News is emerging that the government is not trying to compel Apple to unlock just one iPhone from one terror suspect but has at least a dozen other cases ongoing in which it wants to coerce Apple's cooperation. I haven't looked at any news archive but I'm pretty sure there haven't been 12 terror cases in the US recently. This leads me to further my belief that the DOJ picked the San Bernadino case because they thought it would make them look the best and Apple look the worst.
You can imagine the difference in reaction if, say, the government went to court complaining that it couldn't unlock the phone of some dude who's been running cigarettes up the east coast avoiding paying taxes on them. Same technology, same principles, but I expect many more people would laugh at the government's position there.
So on the one hand, this really is the security theater version of things. On the other hand, the security state's nightmare future has already arrived. Life is about to get rather interesting, I think.
Previously I scoffed at the idea that this case could land before SCOTUS. I am now changing my mind - what the government wants to do is apply a nineteenth-century law to a twenty-first-century problem and I expect these cases are widely enough spread out that we'll see different circuit opinions on that application. Those two factors make it much more likely SCOTUS would take up this case, though that seems unlikely to happen before 2017 or more likely 2018.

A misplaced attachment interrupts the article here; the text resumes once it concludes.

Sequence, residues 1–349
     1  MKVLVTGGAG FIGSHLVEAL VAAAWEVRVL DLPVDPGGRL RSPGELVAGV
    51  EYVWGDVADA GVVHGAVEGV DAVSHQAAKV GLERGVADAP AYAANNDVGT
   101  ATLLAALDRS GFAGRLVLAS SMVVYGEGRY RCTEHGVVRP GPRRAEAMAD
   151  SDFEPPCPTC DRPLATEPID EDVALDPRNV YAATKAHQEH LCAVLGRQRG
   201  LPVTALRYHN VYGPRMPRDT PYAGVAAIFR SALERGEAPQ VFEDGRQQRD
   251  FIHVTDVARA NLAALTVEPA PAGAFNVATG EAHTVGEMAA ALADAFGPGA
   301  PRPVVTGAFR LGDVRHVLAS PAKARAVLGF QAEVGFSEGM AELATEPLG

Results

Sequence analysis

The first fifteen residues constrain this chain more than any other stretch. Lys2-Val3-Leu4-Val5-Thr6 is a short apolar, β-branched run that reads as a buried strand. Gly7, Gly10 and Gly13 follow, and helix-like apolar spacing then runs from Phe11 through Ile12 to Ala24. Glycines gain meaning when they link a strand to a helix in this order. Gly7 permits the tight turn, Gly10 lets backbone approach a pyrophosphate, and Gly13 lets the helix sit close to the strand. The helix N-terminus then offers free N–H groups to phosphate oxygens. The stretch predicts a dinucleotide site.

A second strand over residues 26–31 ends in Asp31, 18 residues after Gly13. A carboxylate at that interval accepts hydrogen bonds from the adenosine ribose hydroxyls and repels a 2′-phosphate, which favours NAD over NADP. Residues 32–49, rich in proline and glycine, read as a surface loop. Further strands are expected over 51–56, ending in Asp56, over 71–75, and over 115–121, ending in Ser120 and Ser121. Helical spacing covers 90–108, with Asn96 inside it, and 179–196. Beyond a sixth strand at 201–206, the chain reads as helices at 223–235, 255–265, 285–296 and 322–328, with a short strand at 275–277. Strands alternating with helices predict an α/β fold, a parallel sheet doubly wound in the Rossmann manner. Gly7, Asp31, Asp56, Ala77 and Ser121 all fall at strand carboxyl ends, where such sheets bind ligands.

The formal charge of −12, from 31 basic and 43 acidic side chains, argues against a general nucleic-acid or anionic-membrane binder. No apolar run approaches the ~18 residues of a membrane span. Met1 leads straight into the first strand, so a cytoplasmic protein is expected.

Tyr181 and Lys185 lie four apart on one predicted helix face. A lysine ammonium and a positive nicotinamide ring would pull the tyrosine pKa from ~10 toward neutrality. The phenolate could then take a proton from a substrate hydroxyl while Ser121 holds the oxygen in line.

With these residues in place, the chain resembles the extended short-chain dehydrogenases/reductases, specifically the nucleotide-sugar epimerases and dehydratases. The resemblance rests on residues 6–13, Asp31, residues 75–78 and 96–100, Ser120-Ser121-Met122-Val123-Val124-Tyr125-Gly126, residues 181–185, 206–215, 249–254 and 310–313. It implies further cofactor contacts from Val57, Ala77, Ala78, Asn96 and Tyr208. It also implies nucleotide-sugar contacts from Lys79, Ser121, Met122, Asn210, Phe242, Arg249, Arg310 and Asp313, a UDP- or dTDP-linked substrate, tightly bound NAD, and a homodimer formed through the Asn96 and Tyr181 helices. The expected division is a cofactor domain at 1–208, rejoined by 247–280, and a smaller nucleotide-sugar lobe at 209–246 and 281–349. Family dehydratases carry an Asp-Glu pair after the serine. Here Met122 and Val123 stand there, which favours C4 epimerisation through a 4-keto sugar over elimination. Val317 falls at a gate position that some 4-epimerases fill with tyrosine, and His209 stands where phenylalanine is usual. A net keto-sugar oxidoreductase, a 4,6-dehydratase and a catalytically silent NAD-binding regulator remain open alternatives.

That's both good and bad - this country has always had an uneasy relationship with the notion that private third parties can be forced to intercede on behalf of the government in carrying out law enforcement activities. I imagine the late Justice Scalia would have had some sharp words to say on this matter and I can't intuit how the current 8 would vote on this matter. The way the question is framed will, I think, have a much bigger impact than the particular subject matter of the case.